The United Nations Environment Programme (UNEP) launched a set of three studies on efficient lighting, with a special emphasis in the ECOWAS region. These studies are in line with the vision of the ECOWAS Centre for Renewable Energy and Energy Efficiency (ECREEE), which is to ensure the access to energy, with a focus on the use of renewable sources.
Light and Livelihood: A Bright Outlook for Employment in the Transition from Fuel-Based Lighting to Electrical Alternatives
This study examines the impact of a market transformation to off-grid lighting in terms of job loss and job creation. It focuses on the Economic Community of West African States (ECOWAS), where 178 million people lack access to the electricity grid. The study provides statistics and introduces policy tools that governments can use to stimulate the production of new, energy efficient lighting technologies and the growth of associated jobs. The study documents that policymakers have tools to increase the pace of job creation, while proactively minimizing any disruption throughout the transition process.
Policy tools include: stimuli for domestic manufacturing or assembly of products; supporting peripheral businesses and services, such as training, recycling, financing, and carbon trading; removing market barriers that slow the uptake of efficient lighting; and, equipping a workforce able to engage in the manufacture, distribution and sale of efficient lighting technologies. Lifting the Darkness on the Price of Light: Assessing the Effect of Fuel Subsidies in the Off-Grid Lighting Market This research explores how subsidies can impede the entry of efficient lighting technologies into off-grid markets. The issue of fuel subsidies is key to understanding the dynamics of the off-grid lighting market.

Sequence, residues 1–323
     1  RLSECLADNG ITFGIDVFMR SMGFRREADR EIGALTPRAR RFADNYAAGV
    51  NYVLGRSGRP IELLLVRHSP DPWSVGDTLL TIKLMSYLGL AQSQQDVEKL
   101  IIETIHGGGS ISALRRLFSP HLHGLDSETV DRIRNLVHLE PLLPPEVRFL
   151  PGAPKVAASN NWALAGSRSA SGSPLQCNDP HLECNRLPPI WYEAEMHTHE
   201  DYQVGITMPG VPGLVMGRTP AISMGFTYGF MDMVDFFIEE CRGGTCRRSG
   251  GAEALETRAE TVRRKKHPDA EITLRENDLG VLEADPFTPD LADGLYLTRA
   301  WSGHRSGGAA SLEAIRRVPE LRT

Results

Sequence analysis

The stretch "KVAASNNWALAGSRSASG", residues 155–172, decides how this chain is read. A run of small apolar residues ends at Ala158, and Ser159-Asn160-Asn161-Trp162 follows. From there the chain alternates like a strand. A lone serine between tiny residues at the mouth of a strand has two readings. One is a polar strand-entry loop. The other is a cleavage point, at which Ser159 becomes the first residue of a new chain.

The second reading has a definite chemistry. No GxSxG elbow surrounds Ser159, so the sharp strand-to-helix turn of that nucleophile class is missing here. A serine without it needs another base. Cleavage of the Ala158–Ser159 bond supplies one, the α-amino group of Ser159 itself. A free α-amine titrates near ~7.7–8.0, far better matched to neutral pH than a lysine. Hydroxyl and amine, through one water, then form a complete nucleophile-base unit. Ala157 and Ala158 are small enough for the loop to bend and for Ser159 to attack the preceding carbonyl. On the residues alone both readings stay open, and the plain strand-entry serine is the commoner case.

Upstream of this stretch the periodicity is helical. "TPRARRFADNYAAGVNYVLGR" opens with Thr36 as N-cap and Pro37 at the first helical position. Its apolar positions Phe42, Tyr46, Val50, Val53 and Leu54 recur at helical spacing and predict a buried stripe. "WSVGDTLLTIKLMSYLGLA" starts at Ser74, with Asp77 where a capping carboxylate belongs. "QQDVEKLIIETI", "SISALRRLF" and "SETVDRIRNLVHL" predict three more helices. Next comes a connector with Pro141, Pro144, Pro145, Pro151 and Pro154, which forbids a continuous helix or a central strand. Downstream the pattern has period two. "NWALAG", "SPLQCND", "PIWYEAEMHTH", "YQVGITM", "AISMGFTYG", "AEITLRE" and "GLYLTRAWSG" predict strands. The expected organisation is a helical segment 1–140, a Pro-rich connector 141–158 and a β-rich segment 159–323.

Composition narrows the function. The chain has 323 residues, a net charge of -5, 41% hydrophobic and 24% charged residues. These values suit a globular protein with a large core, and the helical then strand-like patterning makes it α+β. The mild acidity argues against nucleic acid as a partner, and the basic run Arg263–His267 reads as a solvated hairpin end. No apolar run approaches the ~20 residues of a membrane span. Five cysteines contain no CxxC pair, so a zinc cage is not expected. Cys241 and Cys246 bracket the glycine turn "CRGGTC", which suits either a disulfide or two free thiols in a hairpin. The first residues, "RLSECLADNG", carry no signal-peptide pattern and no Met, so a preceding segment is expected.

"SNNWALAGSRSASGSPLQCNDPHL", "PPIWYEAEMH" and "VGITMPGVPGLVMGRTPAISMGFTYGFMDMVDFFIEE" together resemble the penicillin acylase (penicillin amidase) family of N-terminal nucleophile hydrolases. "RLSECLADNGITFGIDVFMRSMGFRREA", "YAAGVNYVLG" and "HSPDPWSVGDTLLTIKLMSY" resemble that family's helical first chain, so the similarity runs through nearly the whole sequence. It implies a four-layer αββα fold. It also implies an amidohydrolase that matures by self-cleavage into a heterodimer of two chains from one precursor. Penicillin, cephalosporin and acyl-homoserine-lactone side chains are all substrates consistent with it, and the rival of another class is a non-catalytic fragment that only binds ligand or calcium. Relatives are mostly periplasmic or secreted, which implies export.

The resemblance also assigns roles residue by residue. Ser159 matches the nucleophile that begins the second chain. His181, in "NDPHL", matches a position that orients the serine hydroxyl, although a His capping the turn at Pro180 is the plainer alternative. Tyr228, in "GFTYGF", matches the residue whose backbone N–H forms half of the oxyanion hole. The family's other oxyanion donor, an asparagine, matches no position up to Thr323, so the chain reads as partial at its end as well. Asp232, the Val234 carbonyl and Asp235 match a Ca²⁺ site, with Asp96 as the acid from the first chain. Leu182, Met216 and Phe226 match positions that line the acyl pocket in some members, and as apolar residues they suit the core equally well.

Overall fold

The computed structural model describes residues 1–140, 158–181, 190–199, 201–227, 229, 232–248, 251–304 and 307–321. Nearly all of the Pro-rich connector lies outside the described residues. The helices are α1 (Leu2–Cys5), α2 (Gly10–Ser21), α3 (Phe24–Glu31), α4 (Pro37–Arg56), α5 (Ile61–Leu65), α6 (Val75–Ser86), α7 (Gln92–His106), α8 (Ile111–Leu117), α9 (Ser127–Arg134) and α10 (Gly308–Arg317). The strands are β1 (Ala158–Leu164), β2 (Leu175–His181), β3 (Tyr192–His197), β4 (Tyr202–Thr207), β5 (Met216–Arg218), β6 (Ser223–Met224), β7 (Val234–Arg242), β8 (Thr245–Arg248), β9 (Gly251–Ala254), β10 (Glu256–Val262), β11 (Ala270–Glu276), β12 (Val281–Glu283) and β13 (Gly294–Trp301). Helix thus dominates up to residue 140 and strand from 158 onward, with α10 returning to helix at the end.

The research synthesizes and analyses existing information on energy subsidies and off-grid lighting in Economic Community of West African States (ECOWAS) countries. It explores unintended consequences, the prospects for subsidy reform and associated policy strategies for reducing the need for fuel subsidies. The study estimates that current subsidies for kerosene are US$4 billion per year in ECOWAS. Lighting fuel subsidies vary widely in the region; they can impede entry of efficient lighting technologies that were not available when subsidies were originally introduced. Promoting a transition to efficient off-grid lighting is one of the most effective ways of reducing dependence on lighting-fuel subsidies.
The study found a consensus that the most effective approach to mitigating the economic impact of subsidy reform would be to redirect those funds to well-targeted social programs. Additional policy options to facilitate the market for energy efficient lighting include: removing market barriers to efficient alternatives; improved financing; and, relaxing import duties and other taxes on more efficient lighting systems that meet minimum energy and quality standards. Lowering duties can be a very powerful instrument. For example, for every one million dollars of kerosene subsidy reduction, tariffs for 250,000 solar lanterns could be off-set. Combining these two policy actions would be revenue-neutral for the respective government.
Light for Life: Identifying and Reducing the Health and Safety Impacts of Fuel-Based Lighting The 1.3 billion people around the world who earn approximately one dollar per day pay a much higher percentage of their income for low-grade and polluting fuel-based illumination than people who have regular access to electric lighting. This inequity is compounded by adverse health and safety issues including: burns; indoor air pollution; poisoning due to ingestion of kerosene fuel by children; compromised visual health;